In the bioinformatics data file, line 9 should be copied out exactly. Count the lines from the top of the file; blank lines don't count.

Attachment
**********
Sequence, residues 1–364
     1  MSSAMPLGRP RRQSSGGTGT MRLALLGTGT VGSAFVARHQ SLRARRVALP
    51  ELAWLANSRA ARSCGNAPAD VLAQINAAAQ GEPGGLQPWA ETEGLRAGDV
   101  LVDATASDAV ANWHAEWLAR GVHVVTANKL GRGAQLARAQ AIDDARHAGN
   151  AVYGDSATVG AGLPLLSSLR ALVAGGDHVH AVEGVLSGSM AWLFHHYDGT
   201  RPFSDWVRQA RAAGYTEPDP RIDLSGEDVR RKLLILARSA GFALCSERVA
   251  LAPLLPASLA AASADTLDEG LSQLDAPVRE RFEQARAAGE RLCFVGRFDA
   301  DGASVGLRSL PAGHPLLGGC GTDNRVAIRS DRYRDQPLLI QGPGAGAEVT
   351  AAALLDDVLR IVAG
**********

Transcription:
   351  AAALLDDVLR IVAG